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The cultural transformations of the 1960s spurred the beginnings of a writing education renaissance, and, since 1975, the number of creative writing masters of fine arts programs has increased 800 percent.(By the late 1980s, so many colleges and universities were instituting graduate-level creative-writing programs, in fact, that Stanford University dumped its venerated master's degree, and threw its resources behind what is now the highly sought after Stegner Fellowship, a two-year program that awards 10 participants each year a handsome stipend to study with writers like Tobias Wolff and Eavan Boland, but confers no degree.) By 2004, there were 109 programs that conferred the master of fine arts in creative writing -- and nearly half of those started in the last 10 years.Book critics and fellow writers (those who are "self-made," that is) can be even less generous: It's a self-indulgent waste of money, a degree for sissies and wannabes, they argue.
About to turn 40, newly widowed with a 13-year-old daughter to raise, Patrick felt unmoored.
"I think," she announced over breakfast, "I'm going to pierce my belly button. Maybe a small hoop or a diamond stud." Her daughter burst into tears.
A program that promised students they would graduate with a book-length work. Patrick forgot all about her belly button, and jumped.
Two years later, she had her masters of fine arts, and her book -- or at least half a book ("There's a difference," Patrick said she discovered, "between a 'book-length work' and a book").
When someone writes a bad book, people complain about all those gosh-darn MFA programs." Whether good or bad for literature, culture or humanity, MFA writing programs are undeniably popular.
For decades, starting in the 1930s, Iowa University, Stanford University and a handful of others had a lock on graduate creative-writing programs.
Now, 18 months after graduation, "Family Plots: A Story of Love, Death, Sex, and Tax Evasion," is complete. She's moving into the refurbished basement of her home that straddles the Oakland-Piedmont border so she can rent out the main floor and bring in some cash. According to a recent survey, Patrick is in good company: 81 percent of Americans say they have a book in them. it makes writing a book look fairly easy," he wrote in response to the 2002 survey, conducted for the Jenkins Group, a Michigan publishing firm.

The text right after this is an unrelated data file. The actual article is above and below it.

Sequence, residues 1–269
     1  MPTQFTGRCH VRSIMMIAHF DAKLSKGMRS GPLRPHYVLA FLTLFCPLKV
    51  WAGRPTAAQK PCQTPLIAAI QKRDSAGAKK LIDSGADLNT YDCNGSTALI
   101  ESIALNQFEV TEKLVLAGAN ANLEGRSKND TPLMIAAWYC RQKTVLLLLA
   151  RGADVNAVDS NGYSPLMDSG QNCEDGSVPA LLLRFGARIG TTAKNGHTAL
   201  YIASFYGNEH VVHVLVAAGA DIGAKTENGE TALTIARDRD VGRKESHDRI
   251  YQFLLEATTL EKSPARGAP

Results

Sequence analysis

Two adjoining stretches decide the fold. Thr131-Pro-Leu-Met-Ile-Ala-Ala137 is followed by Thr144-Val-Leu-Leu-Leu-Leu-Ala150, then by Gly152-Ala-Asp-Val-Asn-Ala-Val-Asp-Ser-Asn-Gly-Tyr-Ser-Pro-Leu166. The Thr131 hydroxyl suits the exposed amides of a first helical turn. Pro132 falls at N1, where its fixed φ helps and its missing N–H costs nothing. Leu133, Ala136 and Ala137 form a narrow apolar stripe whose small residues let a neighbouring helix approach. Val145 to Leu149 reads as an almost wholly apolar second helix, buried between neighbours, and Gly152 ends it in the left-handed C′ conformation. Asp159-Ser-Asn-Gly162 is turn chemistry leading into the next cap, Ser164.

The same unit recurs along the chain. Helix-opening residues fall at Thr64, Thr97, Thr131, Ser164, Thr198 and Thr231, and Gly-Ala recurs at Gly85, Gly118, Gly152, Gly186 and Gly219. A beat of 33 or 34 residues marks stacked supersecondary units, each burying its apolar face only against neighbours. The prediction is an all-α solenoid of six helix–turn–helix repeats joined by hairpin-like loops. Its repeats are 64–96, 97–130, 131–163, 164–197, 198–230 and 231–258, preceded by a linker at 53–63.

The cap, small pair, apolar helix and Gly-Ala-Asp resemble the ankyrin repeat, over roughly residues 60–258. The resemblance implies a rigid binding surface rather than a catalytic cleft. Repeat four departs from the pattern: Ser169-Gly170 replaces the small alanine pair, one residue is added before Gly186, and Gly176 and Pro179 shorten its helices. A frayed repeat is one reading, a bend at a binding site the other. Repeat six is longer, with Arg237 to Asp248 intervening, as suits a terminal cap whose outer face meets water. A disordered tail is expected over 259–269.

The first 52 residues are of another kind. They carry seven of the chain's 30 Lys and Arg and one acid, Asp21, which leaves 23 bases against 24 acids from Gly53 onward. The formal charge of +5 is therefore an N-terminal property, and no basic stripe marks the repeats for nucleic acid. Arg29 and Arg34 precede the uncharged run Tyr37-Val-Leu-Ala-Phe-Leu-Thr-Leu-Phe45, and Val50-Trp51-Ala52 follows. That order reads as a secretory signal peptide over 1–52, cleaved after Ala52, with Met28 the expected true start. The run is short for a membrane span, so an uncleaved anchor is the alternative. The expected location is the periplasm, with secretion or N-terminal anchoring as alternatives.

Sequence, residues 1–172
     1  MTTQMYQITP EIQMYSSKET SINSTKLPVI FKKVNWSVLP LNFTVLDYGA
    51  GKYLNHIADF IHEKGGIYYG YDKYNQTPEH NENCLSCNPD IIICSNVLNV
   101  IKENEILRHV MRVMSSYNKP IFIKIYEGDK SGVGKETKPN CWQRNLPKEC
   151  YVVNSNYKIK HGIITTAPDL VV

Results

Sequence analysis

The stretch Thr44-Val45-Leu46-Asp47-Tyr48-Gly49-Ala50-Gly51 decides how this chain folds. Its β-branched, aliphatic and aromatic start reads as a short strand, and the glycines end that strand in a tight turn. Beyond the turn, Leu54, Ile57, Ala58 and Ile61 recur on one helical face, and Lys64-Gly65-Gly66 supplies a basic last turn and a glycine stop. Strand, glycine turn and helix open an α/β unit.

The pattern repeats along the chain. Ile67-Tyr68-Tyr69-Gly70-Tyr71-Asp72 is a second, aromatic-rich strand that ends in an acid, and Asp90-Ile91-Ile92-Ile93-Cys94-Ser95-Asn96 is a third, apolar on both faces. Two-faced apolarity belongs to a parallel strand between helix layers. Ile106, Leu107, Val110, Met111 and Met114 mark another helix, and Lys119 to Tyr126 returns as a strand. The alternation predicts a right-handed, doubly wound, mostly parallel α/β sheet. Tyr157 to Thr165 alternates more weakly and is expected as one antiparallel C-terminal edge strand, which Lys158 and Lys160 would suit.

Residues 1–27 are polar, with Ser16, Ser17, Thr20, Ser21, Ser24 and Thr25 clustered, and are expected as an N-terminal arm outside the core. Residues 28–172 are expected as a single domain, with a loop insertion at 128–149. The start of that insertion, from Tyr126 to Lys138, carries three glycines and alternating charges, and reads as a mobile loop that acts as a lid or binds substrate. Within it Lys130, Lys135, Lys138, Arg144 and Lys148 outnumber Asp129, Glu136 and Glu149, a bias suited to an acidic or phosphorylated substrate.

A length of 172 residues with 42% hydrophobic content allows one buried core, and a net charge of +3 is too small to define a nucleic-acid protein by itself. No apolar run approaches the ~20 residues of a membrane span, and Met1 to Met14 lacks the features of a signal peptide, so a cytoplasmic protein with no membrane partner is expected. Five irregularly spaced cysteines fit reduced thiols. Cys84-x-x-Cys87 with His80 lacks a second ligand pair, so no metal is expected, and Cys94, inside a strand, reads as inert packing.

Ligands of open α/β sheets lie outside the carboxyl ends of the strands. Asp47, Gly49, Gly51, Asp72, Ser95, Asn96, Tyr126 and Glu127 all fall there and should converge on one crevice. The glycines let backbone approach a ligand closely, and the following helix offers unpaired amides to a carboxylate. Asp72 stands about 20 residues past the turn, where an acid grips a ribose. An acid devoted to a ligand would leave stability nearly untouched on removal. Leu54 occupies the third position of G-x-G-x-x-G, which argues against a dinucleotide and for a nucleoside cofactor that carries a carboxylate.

A trim, cheerful brunette, Patrick, 43, has 400 pages of family intrigue and an agent who has expressed interest. Just in case any more of those would-be authors get the urge to crank out their books, however, New York Times columnist Joseph Epstein has some advice: "So many third-rate books are published nowadays that . "After all, how many times has one thought, after finishing a bad novel, 'I can do at least as well as that'?
Nor will it get someone a job: While an MFA is considered the terminal degree in creative writing, there are fewer than 100 tenure-track jobs open each year nationwide, with a slew of applicants for each one. "To devote two years of your life to writing, books, studying authors, that is a wonderful oasis in anyone's life.
You take that study of literature with you through the rest of your life." Writing programs, said Fenza, are also a populist boon -- one that has given North America's literature multicultural depth.